Sleeping Beauty

Paul Hendy
Sheffield Theatres and Evolution Pantomimes
Sheffield Lyceum

Damian Williams and Ben Thornton in Sleeping Beauty Credit: Pamela Raith
Dominic Sibanda and Hannah Everest and Ensemble in Sleeping Beauty Credit: Pamela Reith
Lucas Rush in Sleeping Beauty Credit: Pamela Reith

Sleeping Beauty is a superb re-animation of Sheffield Theatres’s and Evolution Pantomime’s regular Christmas offering at the Lyceum Theatre.

From the off, the energy and enthusiasm of the entire cast is infectious and the audience is quickly enthused to join in responses, sing along to the songs, sway to the music and cheer or boo as appropriate.

Damian Williams is as outrageous as always as the Pantomime Dame, a solid, raucous Nurse Nellie with a huge stage presence, a booming voice and a range of suggestive winks and nods to drive the action along. The Dame costumes by Michael J Batchelor are more inventive than ever, enhanced on at least two occasions by the inclusion of puppet figures.

Damian’s confrontational Dame is balanced by warm and child-friendly performances by Ben Thornton as Jangles and Janine Duvitski as a delightful, grandmotherly Fairy Moonbeam, who relate easily to the young in the audience, provide reassurance when needed and elicit enthusiastic responses.

At the heart of the performance are Hannah Everest as a true Beauty and Dominic Sibanda as a very handsome and charming Prince. The couple have an excellent rapport, are convincing lovers, sing beautifully and join the supporting Villagers in well choreographed dance routines.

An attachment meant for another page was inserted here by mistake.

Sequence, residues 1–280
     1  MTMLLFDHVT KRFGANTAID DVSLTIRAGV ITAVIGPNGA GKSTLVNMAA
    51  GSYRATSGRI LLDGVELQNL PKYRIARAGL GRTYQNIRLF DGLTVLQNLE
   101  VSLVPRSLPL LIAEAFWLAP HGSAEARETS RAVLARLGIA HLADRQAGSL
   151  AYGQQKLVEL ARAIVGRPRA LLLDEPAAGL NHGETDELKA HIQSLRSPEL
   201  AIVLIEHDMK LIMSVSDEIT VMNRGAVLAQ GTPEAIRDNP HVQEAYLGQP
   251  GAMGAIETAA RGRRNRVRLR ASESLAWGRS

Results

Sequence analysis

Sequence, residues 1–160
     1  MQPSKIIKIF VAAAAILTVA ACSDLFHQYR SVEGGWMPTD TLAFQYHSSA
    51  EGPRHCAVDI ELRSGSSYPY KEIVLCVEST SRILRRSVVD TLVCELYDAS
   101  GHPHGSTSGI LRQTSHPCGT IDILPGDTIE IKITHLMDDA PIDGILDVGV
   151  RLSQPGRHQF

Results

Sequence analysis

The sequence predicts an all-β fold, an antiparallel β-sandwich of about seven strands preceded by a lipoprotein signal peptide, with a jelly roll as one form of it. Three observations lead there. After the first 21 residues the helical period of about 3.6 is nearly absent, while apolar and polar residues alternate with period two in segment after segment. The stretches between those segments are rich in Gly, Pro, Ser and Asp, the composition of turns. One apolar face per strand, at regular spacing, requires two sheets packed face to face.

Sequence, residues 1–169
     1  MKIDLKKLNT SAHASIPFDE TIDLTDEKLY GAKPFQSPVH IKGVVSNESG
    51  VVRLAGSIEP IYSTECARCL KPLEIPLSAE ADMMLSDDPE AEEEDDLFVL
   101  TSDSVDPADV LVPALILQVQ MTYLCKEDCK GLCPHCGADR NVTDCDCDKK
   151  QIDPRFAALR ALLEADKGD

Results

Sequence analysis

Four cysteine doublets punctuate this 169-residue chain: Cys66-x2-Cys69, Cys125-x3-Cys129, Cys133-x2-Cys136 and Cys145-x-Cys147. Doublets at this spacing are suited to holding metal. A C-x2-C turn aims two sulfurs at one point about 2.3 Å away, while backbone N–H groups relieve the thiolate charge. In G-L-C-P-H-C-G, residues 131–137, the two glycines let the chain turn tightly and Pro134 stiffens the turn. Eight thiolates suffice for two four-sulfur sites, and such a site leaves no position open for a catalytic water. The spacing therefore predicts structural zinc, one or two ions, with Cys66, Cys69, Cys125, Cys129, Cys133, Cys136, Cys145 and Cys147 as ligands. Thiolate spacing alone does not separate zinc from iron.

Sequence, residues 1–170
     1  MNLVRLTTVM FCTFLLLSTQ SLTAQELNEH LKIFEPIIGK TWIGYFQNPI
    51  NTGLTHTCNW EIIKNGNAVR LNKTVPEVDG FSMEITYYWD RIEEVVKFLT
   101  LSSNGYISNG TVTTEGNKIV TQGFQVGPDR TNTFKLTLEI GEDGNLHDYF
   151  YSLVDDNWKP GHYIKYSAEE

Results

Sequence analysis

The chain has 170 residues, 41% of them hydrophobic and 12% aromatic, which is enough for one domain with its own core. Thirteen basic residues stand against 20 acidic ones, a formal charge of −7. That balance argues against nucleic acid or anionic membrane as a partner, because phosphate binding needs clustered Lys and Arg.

As the villain, Carabosse, Lucas Rush is the star of the show. He looks superb in leather trousers and an open shirt, moves about the stage with evil intent, has facial expressions intended to terrify and a laugh that chills to the bone. But he also manages to imply that is just a bit of fun, no-one need by really scared, and the children have as much delight in booing him as he has in being booed.

This is very much a family and local pantomime. It is quite likely that some members of the audience will have been coming since they were children and will recognise the regular comic routines. But there are significant differences this year because Carabosse is surrounded by a small army of ghouls who have an important function in the expanded ‘bench with a ghost’ scene. But the seasonal opportunity to make uncomplimentary remarks about Doncaster and Rotherham has been retained to the delight of the audience.

One new feature has been the inclusion of a dragon and what I can only describe as ‘stage pyrotechnics’, extremely exciting and realistic, which by some magic has been approved by Health and Safety for inclusion in a public performance. Better than Bonfire Night!

There is much to delight in this beautifully presented, colourful, high energy pantomime. James Harrison’s contribution as musical director and supervisor provides a rich feast of musical performance, with high quality singing throughout and a powerful accompaniment by a small orchestral group, visible to the audience in side boxes. The small song and dance group, choreographed by Sarah Langley and often supplemented by leading characters, makes a substantial contribution to the success of the show which has something in it for everyone.

An exceptionally good Lyceum pantomime.

Reviewer: Velda Harris